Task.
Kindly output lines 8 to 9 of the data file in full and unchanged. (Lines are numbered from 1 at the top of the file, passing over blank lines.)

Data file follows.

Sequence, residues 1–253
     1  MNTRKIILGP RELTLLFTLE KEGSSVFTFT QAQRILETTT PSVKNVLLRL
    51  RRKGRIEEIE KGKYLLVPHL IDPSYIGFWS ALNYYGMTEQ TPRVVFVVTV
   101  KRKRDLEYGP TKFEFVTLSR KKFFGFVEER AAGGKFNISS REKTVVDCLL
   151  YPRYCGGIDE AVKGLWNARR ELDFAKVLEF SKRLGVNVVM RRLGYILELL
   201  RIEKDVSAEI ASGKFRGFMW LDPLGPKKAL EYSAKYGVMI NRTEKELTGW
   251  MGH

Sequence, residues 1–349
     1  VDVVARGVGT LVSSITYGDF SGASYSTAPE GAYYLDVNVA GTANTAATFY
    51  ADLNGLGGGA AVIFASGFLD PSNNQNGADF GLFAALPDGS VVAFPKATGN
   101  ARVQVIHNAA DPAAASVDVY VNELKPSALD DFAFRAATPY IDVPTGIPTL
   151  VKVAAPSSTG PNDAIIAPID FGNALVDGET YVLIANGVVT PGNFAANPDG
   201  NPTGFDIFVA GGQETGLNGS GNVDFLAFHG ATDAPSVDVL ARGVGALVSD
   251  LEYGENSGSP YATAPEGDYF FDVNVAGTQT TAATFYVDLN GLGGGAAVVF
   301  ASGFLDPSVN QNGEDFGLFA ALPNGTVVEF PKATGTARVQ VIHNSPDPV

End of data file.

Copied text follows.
Sequence, residues 1–349
     1  VDVVARGVGT LVSSITYGDF SGASYSTAPE GAYYLDVNVA GTANTAATFY